Upside down: an inverted forest that helps balance the world

In South America, a little-known biome, with one of the richest biodiversity on Earth, contributes to balance the Planet, sustaining its oldest inhabitants: indigenous peoples and local communities.

In the heart of South America, there is an inverted forest with deep roots that connect a diversity of fruits, plants, animals, peoples, and cultures. Despite being closely related to the planet's climatic balance, few know the riches of this biome that is under constant threat. Half of its vegetation cover has already been lost. What remains of the inverted forest is protected by protected areas but also the traditional peoples and communities and family farmers who inhabit these lands with their ancestry and their sustainable ways of life.

Called the Cerrado, this Brazilian savanna is known as the “cradle of waters” even though it faces six months of intense drought every year. Of the 12 river basins in Brazil, eight originate in this region of the country. Embellished with rocks, plateaus, twisted trees, delicate and fragrant flowers, giant waterfalls, tasty fruits, and people who have much to teach the rest of the world, the Cerrado is a socio-ecological powerhouse.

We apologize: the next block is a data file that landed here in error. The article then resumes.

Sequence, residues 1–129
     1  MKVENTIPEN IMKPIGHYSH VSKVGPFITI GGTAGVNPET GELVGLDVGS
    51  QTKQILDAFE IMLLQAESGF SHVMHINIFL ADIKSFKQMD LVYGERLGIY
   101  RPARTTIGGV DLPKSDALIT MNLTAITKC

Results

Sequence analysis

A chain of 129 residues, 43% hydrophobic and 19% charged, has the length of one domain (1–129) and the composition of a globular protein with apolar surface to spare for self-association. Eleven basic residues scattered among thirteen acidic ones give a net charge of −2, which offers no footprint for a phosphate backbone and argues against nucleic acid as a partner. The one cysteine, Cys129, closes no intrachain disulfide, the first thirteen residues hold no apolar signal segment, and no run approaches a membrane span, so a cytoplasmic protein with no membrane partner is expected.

Good Results: experiences and richness of the peoples

Maria Lucia Agostinho lives in the Água Boa Community, a prescient name (meaning “Good Water”, in Portuguese), located in the state of Minas Gerais, southeastern Brazil. Known as Dona Lúcia, she is a family farmer, a geraizeira, active protector of the Cerrado and also considers herself a “guardian of the springs”.

Dona Lúcia works to strengthen the supply chain of biodiversity fruits collected and traded in the community, such as araticum, mangaba, licuri and, especially, pequi. In the region, clay art craft is also strong and a talent that has been passed on from ancestors. Jugs, filters, pots and jars are an addition to the fruit supply chains and contribute to income generation and local sustainability.